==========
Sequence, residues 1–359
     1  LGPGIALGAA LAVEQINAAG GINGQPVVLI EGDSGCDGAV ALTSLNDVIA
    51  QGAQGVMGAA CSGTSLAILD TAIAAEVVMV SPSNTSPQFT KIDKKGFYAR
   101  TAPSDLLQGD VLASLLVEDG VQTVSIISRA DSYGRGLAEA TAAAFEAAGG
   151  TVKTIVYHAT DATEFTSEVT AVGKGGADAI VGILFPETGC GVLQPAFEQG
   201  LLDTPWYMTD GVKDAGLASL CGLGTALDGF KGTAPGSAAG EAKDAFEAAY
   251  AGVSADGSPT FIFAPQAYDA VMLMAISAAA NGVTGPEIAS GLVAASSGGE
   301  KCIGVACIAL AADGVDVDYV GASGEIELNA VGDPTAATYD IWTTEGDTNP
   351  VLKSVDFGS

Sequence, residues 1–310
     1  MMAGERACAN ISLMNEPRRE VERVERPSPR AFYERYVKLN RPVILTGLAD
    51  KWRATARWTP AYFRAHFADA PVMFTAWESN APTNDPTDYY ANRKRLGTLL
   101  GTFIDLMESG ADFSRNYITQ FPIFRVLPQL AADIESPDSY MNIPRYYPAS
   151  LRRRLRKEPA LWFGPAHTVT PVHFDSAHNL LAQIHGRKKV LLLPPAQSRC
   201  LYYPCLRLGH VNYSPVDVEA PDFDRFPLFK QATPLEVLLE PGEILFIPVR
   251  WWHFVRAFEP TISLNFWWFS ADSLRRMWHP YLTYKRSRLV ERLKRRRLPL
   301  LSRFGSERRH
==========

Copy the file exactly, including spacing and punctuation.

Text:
Sequence, residues 1–359
     1  LGPGIALGAA LAVEQINAAG GINGQPVVLI EGDSGCDGAV ALTSLNDVIA
    51  QGAQGVMGAA CSGTSLAILD TAIAAEVVMV SPSNTSPQFT KIDKKGFYAR
   101  TAPSDLLQGD VLASLLVEDG VQTVSIISRA DSYGRGLAEA TAAAFEAAGG
   151  TVKTIVYHAT DATEFTSEVT AVGKGGADAI VGILFPETGC GVLQPAFEQG
   201  LLDTPWYMTD GVKDAGLASL CGLGTALDGF KGTAPGSAAG EAKDAFEAAY
   251  AGVSADGSPT FIFAPQAYDA VMLMAISAAA NGVTGPEIAS GLVAASSGGE
   301  KCIGVACIAL AADGVDVDYV GASGEIELNA VGDPTAATYD IWTTEGDTNP
   351  VLKSVDFGS

Sequence, residues 1–310
     1  MMAGERACAN ISLMNEPRRE VERVERPSPR AFYERYVKLN RPVILTGLAD
    51  KWRATARWTP AYFRAHFADA PVMFTAWESN APTNDPTDYY ANRKRLGTLL
   101  GTFIDLMESG ADFSRNYITQ FPIFRVLPQL AADIESPDSY MNIPRYYPAS
   151  LRRRLRKEPA LWFGPAHTVT PVHFDSAHNL LAQIHGRKKV LLLPPAQSRC
   201  LYYPCLRLGH VNYSPVDVEA PDFDRFPLFK QATPLEVLLE PGEILFIPVR
   251  WWHFVRAFEP TISLNFWWFS ADSLRRMWHP YLTYKRSRLV ERLKRRRLPL
   301  LSRFGSERRH